Capital gains: Minimizing the capital gains tax
What are capital gains?
An increase in the worth of an investment, capital asset, or real estate is a capital gain. The growth makes its value higher than what you purchased it for. A capital loss, on the other hand, is a decrease in the value of an investment. You do not realize a gain or loss until you sell the asset. Once you sell an asset that has increased in value, the gain is realized and must be reported on your income tax return.
Your capital gains yield is the percentage of price appreciation of an investment. You can calculate the capital gains yield by dividing the rise in the stock’s price by the original price of the security at the time that you purchased it. For example, if you purchase an asset for $125 and sell it for $150, your yield is 20%.
A capital gain may be short-term or long-term. Short term capital gains are an increase in the price of an asset that you have held for 12 months or less. Long term capital gains are an increase in the worth of an asset that you have held for more than one year.
What are capital losses?
Capital losses occur when there has been a capital asset that you own has declined as compared to the price that you paid for it. You can claim capital losses as deductions on your tax return for the loss that you incurred when your capital asset decreased in value.
Like a capital gain, a capital loss is not realized until you sell the asset for a price that is lower than what you paid for it. A capital loss can help to offset a capital gain or other gains and can potentially help to reduce the capital gains tax that you might have to pay.
A capital loss for an asset that you have not sold is an unrealized loss. A capital loss is not reportable on your taxes until it is realized. When it is still an unrealized loss, it is simply a paper loss.
Capital gains tax
If you sell assets that you have held for more than one year and that are subject to the capital gains tax, your liability will depend on your income. The long term capital gains tax rate is 0%, 15%, or 20%, depending on your income. If you make $39,375 or less, you will not be assessed any tax on your capital gain. If you make between $39,376 to $434,550, your tax liability will be 15%. If you make more than that, the tax rate on your capital gain will be 20%.
If you realize a capital gain for an asset that you have held for 12 months or less, the short term capital gains tax will apply. These rates are equal to your ordinary income tax rate. In general, it is normally higher than the long term capital gains tax rates.
When you are figuring out your net asset value to calculate your capital gain, you will need to account for commissions and fees that you paid at the time that the asset was purchased. For property for which you have taken depreciation deductions in the past, there will also be a depreciation recapture at the time that you sell the assets. For clarity on depreciation tax rules, it is wise to consult your finance and tax professionals.
Statistics on capital gains and losses
According to the IRS, taxpayers reported more than $229 billion in gains and nearly $79 billion in losses on their corporate stock sales during the most recent year for which data is available. The Tax Policy Center reports that short term capital gains can be taxed up to 37% since they are taxed at the same rate as ordinary income. Long term capital gains can be taxed up to 20%.
During the most recent year for which data is available, U.S. taxpayers reported net capital losses of almost $21 billion. Capital losses can be claimed as deductions on your income tax return and can reduce the taxes that you might have to pay.
Realized vs. unrealized
When the value of an asset that you hold increases, your capital gain has not been realized. A realized capital gain is a taxable event that occurs only when you sell the asset. A realized capital loss similarly occurs when you sell an asset at a loss.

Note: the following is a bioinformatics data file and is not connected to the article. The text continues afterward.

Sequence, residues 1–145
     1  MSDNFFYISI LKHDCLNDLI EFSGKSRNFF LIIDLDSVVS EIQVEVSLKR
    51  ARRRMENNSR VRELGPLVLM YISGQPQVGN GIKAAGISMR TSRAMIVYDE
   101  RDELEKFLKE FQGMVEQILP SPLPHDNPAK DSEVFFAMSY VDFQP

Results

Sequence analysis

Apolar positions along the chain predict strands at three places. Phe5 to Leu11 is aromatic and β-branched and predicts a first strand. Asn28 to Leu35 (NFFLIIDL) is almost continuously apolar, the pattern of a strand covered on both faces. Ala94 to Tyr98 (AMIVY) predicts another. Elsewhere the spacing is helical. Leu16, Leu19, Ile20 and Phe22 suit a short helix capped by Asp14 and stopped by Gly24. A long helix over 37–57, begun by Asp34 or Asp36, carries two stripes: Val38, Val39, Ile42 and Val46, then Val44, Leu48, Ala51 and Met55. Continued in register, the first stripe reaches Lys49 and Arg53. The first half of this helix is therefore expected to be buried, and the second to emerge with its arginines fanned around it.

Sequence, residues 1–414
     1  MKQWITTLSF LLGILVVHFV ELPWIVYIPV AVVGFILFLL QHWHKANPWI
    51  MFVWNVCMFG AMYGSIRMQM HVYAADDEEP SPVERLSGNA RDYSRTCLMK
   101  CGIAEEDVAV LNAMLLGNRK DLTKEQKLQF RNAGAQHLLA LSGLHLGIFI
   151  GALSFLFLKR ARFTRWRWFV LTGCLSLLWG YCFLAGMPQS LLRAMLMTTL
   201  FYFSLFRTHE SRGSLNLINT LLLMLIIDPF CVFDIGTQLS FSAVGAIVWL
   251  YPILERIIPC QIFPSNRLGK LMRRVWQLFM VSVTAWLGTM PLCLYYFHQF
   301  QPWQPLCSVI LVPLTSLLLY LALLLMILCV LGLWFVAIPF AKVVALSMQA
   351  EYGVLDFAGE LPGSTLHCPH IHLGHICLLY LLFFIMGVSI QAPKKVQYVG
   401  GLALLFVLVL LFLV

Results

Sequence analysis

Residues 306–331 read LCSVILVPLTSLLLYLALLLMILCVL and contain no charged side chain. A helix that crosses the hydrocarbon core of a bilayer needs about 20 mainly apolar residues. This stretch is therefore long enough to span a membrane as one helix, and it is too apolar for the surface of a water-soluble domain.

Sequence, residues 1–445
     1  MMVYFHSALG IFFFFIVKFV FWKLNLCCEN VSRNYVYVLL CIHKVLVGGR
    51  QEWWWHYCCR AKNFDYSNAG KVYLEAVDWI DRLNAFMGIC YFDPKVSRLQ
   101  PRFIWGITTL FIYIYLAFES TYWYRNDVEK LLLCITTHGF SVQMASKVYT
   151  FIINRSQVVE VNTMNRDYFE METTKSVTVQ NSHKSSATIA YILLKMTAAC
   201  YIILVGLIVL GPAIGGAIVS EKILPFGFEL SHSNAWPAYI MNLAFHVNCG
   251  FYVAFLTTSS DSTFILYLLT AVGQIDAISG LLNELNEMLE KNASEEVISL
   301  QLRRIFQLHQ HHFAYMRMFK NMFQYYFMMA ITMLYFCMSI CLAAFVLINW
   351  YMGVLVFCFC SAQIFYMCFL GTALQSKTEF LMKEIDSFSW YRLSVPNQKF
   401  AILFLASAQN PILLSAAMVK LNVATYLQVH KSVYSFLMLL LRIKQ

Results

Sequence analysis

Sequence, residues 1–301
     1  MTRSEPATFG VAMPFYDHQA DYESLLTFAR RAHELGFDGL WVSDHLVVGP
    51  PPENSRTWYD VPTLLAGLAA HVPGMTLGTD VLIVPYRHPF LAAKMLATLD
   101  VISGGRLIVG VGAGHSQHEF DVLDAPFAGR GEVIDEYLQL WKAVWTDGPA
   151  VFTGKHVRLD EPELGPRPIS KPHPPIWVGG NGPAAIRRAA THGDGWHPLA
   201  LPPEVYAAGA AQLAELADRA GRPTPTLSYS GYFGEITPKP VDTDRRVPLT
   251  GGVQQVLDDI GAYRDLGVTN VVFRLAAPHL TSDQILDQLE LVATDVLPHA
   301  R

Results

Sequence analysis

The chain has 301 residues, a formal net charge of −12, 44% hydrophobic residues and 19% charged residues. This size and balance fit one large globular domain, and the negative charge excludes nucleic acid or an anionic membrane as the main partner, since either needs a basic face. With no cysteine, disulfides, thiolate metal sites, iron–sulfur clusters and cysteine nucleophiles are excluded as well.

Unrealized gains and losses are known as paper gains and losses. They are increases or decreases in the investments’ values which do not trigger taxable events.
Capital gains tax
The taxes that you might have to pay for your capital gains will depend on several factors, including the length of ownership, your income level and ordinary income tax rate, exemptions that you might have, and offsets that you have available to you.
Short term capital gains occur on securities that you sell within one year or less of when you purchased them. They are taxed as ordinary income based on your tax filing status and adjusted gross income. If a short-term investment turns into a long-term investment by the time that it is sold, the taxes on your gain may be lower.
For long term capital gains, they are normally taxed at a rate that is lower than your ordinary income tax rate. Long term capital gains are taxed at a rate of 0%, 15%, or 20%. The highest tax bracket only pays a long term capital gains rate of 20%. Most people qualify for the 15% tax rate.
If you have a capital gain that is large compared to the rest of your income, it could trigger an alternative minimum tax. The alternative minimum tax is a federal income tax that is calculated separately and in addition to your ordinary income tax. The AMT is meant to prevent high-income taxpayers from taking advantage of certain deductions and credits to pay little or no taxes. You also need to take into account any depreciation recapture that might occur.
There is a big difference in what you pay in taxes if you hold your stock for longer periods of time. The government incentives investors to think long-term. For example, if you earn $85,000 per year, your ordinary income tax rate is 22%. If you realize a short-term capital gain, you will be taxed at 22% for it. If you hold the asset for longer than 12 months before you sell it and realize a gain, your capital gains tax will be 15% for a tax savings of 7%.
LONG TERM CAPITAL GAINS RATES
|Single taxpayers income||Married filing jointly income||Head of household income|
|0%||up to $39,375||up to $78,750||up to $52,570|
|15%||$39,376 to $434,550||$78,751 to $488,850||$52,571 to $461,700|
|20%||$434,551 or higher||$488,851 or higher||$461,701 or higher|
Capital assets can be tangible or intangible. They might include the following:
- Real estate
- Precious metals
For real estate, you can take depreciation deductions against the income to reflect the deterioration in the property’s value as it ages. When you take a depreciation deduction, it reduces your tax basis. Once you sell it, a portion of the capital gains is treated as a depreciation recapture.